by the Judicial Council of California

SAN FRANCISCO—A new domestic violence study has found that the strongest predictors of success in treating offenders convicted of a criminal domestic violence offense were the individual characteristics of the offenders, not the features of batterer intervention programs (BIPs) or the attributes of the court jurisdiction.

The study, conducted by researchers at the Administrative Office of the Courts’ Office of Court Research, found that offenders who are more educated, are fully employed, have short criminal histories, and show no clear signs of drug or alcohol dependence are more likely to successfully complete batterer intervention programs and are least likely to be re-arrested.

The results of the study indicate how the justice system can increase the likelihood that batterers will complete court-ordered education and training programs and not commit new acts of domestic violence either during or after attendance in the programs.

“Screening mechanisms should seek, to the extent possible, to include needs assessment to assist in directing offenders to resources that might improve their chances of successfully completing the BIP and remaining violence free during and following their attendance in the program,” concluded the study, which is entitled Batterer Intervention Systems in California – An Evaluation and can be found online at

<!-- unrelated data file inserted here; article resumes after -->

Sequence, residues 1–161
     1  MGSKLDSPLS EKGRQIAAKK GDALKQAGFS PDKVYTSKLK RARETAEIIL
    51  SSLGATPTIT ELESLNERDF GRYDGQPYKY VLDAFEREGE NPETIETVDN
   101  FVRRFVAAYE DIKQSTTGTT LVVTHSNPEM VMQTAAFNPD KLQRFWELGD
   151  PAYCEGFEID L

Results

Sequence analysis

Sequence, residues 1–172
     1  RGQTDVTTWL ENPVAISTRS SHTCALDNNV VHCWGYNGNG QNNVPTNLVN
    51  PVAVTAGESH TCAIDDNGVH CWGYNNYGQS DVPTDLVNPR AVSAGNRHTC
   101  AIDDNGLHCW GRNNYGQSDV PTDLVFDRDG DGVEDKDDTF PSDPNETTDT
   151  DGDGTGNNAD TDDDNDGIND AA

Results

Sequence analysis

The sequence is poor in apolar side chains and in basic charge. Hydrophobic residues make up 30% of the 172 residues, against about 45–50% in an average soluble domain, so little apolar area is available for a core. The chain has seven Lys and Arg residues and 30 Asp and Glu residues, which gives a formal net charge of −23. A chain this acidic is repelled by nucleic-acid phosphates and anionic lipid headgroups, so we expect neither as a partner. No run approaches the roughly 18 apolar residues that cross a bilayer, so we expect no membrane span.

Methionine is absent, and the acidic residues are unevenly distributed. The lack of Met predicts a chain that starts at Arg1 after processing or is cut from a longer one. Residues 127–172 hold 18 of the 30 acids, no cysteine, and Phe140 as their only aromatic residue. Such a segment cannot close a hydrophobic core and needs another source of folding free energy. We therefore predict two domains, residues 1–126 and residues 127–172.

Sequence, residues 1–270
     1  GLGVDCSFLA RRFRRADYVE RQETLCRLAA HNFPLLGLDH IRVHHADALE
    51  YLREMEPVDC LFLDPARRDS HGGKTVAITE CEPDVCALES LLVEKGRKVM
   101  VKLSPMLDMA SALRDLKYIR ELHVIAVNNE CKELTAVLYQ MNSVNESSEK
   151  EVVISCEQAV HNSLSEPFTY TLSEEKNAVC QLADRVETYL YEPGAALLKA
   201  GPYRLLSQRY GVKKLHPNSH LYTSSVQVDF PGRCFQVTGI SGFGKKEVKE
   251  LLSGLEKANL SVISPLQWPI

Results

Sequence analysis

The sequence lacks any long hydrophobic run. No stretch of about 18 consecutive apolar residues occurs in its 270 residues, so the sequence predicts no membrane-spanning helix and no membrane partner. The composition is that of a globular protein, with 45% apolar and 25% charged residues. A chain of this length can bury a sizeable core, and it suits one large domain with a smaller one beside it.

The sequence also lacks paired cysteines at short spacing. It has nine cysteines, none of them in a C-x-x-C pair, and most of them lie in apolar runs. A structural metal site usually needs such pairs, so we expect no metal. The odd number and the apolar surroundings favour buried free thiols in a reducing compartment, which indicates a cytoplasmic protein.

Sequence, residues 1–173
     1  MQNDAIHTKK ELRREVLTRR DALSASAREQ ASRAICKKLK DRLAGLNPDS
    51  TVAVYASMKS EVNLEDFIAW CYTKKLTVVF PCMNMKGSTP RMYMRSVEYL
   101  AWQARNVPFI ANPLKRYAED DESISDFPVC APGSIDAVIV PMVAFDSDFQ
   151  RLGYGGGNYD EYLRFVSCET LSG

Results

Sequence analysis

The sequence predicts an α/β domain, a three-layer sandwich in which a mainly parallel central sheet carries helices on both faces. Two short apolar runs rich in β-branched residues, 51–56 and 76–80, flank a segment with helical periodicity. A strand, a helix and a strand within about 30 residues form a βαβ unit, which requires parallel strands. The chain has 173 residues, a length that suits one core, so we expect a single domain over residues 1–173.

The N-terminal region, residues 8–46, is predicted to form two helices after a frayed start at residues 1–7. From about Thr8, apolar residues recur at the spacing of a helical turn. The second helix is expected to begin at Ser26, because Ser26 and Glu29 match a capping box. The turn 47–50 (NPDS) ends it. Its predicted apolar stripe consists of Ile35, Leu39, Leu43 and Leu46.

The federally funded study, the largest of its kind ever conducted, examined data on nearly 1,500 offenders enrolled in 53 different batterer intervention programs in Los Angeles, Riverside, San Joaquin, Santa Clara, and Solano Counties. The study sought to identify variations in policies and practices across courts, probation departments, and batterer intervention programs that affect the likelihood of an offender completing the program and the probability of being re-arrested.

However, the data revealed that the strongest predictors of outcomes were the individual characteristics of the offenders, not the programs in which they were enrolled or the characteristics of each court jurisdiction. The study has been submitted to the National Institute of Justice, which provided $250,000 in funding for the three-year study.

Under California law, persons convicted of a criminal domestic violence offense must attend a 52-week batterer intervention program as a condition of probation. The programs are structured courses designed to stop the use of physical, psychological, or sexual abuse to gain or maintain control over a person such as a spouse or cohabitant.

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The Judicial Council is the policymaking body of the California courts, the largest court system in the nation. Under the leadership of the Chief Justice and in accordance with the California Constitution, the council is responsible for ensuring the consistent, independent, impartial, and accessible administration of justice. The Administrative Office of the Courts carries out the official actions of the council and promotes leadership and excellence in court administration.